Charles Thomas: Music can bring cultural healing


THEIR VIEW

By Charles Thomas - Guest Columnist



On Sunday, Jan. 7, the headline in The Lima News read “Cultural fence-mending unfinished.” The article went on to explain the challenges that remain 10 years after a shooting divided the city of Lima.

I would argue that divisions, unfortunately, may simply be ingrained into the fabric of some institutions within the city, a city not void of having an abundance of great people, which in itself is shameful. I have written so many times about the injustice of ignoring the African American community regarding our local radio media. Some people writing to this newspaper have even gone as far as to suggest that African Americans form their own radio station while at the same time forgetting that one third of the dollars allocated for city road construction come from the pocket of African Americans, roads that are used every day by Childers Media as well as Iheart Media. Such a suggestion, although it may be well meaning, was an argument used in a dark part of American History when those same people were told to “build and attend your own schools.”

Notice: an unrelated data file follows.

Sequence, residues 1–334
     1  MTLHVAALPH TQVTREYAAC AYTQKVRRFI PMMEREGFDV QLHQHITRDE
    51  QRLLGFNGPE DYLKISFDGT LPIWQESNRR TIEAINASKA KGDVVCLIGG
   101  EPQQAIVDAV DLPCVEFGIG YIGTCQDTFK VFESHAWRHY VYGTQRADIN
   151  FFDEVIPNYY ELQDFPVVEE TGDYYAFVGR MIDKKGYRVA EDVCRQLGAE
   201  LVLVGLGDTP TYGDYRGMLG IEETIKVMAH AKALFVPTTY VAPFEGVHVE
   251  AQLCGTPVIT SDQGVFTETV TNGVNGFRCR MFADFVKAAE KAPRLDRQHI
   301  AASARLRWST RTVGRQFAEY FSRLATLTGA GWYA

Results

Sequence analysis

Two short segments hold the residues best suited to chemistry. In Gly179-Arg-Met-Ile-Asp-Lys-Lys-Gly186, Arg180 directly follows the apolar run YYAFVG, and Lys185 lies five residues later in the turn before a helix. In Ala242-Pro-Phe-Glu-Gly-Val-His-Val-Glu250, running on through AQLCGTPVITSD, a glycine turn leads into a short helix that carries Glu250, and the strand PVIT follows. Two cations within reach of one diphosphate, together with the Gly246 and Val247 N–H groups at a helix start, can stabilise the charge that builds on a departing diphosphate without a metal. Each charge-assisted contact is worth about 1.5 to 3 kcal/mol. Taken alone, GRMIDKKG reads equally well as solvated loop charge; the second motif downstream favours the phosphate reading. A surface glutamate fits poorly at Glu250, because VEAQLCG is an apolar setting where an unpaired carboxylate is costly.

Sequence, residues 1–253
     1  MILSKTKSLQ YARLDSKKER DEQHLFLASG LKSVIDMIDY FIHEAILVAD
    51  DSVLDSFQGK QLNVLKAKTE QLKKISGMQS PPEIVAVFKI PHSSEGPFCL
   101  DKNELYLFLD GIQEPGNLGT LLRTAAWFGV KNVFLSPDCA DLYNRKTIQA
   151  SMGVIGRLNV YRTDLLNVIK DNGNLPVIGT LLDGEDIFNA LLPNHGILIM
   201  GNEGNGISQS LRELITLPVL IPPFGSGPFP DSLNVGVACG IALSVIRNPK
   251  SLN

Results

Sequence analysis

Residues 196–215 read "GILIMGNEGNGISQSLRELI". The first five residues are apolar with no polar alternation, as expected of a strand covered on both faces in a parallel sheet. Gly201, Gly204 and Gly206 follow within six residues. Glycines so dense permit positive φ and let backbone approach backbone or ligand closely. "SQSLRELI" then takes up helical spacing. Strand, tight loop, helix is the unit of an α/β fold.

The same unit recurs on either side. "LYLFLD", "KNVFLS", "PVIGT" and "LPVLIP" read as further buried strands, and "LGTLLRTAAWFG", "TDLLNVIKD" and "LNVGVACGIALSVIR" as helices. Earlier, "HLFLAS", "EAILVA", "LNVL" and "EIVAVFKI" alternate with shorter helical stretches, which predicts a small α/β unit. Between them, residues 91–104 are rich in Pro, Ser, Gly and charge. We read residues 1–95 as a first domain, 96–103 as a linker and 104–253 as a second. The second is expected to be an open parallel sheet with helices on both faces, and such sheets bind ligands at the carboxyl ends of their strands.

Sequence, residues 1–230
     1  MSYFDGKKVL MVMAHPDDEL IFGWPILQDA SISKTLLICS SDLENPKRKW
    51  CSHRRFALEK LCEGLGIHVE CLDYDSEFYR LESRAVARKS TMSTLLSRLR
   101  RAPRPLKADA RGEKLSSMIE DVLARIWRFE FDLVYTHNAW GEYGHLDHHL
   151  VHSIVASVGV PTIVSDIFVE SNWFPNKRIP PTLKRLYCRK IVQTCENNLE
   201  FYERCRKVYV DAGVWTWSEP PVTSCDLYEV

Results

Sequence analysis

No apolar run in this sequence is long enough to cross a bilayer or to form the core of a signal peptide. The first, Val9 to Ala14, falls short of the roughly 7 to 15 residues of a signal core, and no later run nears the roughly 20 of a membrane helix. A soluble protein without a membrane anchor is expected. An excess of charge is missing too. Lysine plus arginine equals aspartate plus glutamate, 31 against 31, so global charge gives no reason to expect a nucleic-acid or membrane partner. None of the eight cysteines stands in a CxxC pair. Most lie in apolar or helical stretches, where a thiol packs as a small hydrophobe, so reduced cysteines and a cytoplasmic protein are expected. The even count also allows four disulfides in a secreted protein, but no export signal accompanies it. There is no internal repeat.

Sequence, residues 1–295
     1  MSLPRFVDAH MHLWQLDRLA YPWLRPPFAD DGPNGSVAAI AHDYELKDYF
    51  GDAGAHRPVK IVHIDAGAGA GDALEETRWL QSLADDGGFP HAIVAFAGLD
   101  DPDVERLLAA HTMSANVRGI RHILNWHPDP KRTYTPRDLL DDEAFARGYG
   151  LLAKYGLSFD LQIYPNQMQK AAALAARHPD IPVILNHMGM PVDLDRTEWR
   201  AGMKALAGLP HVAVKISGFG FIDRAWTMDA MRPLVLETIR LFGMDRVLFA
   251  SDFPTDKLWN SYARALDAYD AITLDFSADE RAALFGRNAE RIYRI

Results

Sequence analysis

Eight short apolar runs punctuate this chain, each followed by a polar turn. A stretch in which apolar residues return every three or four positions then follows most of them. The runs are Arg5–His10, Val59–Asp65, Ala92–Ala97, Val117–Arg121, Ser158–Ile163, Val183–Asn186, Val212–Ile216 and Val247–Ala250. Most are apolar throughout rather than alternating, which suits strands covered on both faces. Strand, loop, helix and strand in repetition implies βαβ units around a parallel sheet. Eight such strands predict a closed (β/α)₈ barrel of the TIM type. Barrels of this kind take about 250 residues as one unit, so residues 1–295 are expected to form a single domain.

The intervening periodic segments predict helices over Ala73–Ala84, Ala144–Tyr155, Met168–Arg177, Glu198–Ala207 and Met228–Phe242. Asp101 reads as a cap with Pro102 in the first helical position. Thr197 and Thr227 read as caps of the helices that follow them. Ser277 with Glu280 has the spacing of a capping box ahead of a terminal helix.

Music, as we all know, is such a large part of everything we say and do. Music, after all, is the universal language of the entire world. Music provides us with memories and can take us to anyplace in time that we choose. Music provides comfort in times of deep stress. Movies would be much less entertaining if there was no music during scenes with romance, horror or action.

During the 1967 Detroit race riots, radio station CKLW was given credit for acting as a cushion to soften the impact of those riots through its musical selections, which included a mixture of R&B, Motown, Rock, and of course music that became known as the British invasion.

To the south, radio station WLAC, in Nashville, Tennessee, was given credit in a similar way by providing nighttime R&B throughout a broad section of America with, like CKLW, 50,000 watts of power. Most seasoned African Americans, raised in the South, will never forget hearing the voices of Big John R, Hoss Allen or Gene Nobles, three white guys with black voices and loved by everyone. Loved for simply one reason, they provided a much-needed service to the African American community. It’s been said that real joy comes not from ease and riches, it comes from doing something worthwhile, and though none of those gentlemen are with us now, they left with joy and remembering them is perhaps the greatest passion of love and honor we can offer.